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City Search 2012: Chart of the Day

The NVCA publishes an annual VC yearbook using MoneyTree data. I put together a chart of total VC investment by region for each of my 8 choices. I'm not sure anything about it really surprises me... Silicon Valley dominates while New York and Texas are trending higher.

VC Investment by Region

Similar data comparing tech- or internet-specific financing echoes the same trends. Likewise if you filter for only early stage or seed startups.

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City Search 2012: Two Perfect?

The final four cities are, frankly, all places that I really want to live in. At this point it is less about finding reasons to not move there as it is finding reasons why it's better to live in a different city on the list. The following two towns round out my list of three "Places I've Never Heard Anything Really Bad About" list. They are awesome, they're beautiful, there's almost no downside but"¦ they just aren't quite the right place for me right now.

Austin, TX

Texas is awesome. I'm going to write a post about how much fun it is to live in Texas. The hub of that awesomeness is Austin. There's an active and fervent university culture mixed with a strong focus on music and the arts. Living in Austin is affordable and culturally diverse. Nestled at the corner of Hill Country, there are phenomenal opportunities for everything from lake sports to horseback riding to biking to motorcycling. It's got youth and energy.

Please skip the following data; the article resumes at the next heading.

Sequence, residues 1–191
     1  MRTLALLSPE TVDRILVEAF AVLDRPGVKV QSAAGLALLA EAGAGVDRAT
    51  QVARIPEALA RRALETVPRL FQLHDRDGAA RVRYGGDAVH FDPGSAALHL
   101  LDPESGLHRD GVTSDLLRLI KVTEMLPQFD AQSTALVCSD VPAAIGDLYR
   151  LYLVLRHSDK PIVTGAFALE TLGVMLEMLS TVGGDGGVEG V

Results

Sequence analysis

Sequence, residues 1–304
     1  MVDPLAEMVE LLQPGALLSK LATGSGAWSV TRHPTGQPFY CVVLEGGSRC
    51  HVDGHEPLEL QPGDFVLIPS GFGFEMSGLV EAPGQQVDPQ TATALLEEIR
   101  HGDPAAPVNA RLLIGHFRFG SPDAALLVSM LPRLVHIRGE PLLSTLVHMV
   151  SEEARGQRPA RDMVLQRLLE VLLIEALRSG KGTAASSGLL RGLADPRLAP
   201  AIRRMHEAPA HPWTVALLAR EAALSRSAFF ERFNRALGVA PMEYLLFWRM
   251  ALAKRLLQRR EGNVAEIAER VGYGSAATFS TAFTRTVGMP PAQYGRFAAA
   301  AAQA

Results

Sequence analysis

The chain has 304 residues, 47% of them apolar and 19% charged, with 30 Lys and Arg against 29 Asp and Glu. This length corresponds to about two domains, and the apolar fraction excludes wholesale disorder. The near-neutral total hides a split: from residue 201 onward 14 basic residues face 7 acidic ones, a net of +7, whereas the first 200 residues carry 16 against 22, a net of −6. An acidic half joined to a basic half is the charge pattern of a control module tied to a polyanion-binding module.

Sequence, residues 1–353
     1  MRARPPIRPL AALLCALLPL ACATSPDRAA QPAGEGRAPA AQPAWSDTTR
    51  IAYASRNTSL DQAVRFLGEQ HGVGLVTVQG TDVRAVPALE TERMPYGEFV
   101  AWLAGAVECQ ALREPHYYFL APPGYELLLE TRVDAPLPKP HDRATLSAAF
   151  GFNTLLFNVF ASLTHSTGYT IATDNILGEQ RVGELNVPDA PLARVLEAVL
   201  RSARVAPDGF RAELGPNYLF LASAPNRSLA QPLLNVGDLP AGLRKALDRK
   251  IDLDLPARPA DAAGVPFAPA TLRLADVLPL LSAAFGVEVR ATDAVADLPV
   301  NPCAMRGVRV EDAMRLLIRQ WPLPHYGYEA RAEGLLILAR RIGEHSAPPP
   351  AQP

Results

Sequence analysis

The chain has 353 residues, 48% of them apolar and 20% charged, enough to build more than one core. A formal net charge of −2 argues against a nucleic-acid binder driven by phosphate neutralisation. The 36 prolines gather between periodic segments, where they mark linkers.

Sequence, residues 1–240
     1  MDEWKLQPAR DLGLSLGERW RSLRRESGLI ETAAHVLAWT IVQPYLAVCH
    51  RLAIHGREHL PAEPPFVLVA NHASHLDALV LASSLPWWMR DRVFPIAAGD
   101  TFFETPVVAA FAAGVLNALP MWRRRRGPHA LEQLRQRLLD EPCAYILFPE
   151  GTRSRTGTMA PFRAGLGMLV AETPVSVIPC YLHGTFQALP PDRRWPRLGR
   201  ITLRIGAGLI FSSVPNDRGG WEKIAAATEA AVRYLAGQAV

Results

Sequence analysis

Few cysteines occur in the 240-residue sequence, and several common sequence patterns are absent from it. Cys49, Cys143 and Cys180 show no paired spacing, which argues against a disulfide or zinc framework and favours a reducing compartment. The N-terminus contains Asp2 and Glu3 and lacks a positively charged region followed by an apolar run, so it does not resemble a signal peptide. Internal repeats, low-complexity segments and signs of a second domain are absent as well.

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City Search 2012: Honorable Mentions

I cut the list of potential cities in half based on the criteria I outlined before. Unfortunately, that means some great candidates didn't quite fit the bill.

Boston, MA

I love Boston because I spent 16 of my formative years in the "˜burbs just a half hour outside of it. I am and will always be a Boston sports fan (Go Pats, go Sox.). Thoughts of the illogically twisted cobblestone streets of Beacon Hill, street performers in Quincy Market and the smell of Italian food in the North End fill me a with a warm, fuzzy, nostalgic feeling. There's a certain energy to the area that comes from the presence of so much intellectual firepower in the local secondary schools and universities. In terms of engineering talent and entrepreneurial culture, it scores top marks. The city is active but not prohibitively expensive. New England is a gorgeous place to live.

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Houston: It’s Not Me, It’s You

Why am I leaving Houston? The easiest explanation is that I've got "happy feet" and I'm allergic to staying in one place for too long before getting the urge to dance away. It's a bit more subtle, though. I've got personal reasons and professional reasons for moving on.

Houston is the third or fourth (depending who you ask) largest city in the US but it feels a lot like a small town. I'd even call it the "largest small town in America". Perhaps that's a result of its complete lack of zoning laws and aggressive expansion of city limits or the fact that tumbleweeds could be blowing across downtown Main Street after 5pm on a Friday and no one would be there to see them. It's a city without a strong sense of its own culture "“ it tends to attract young professionals who are at a middle point in their lives and looking to eventually move on. It's a big small town in the middle of hundreds of miles of flat, featureless countryside.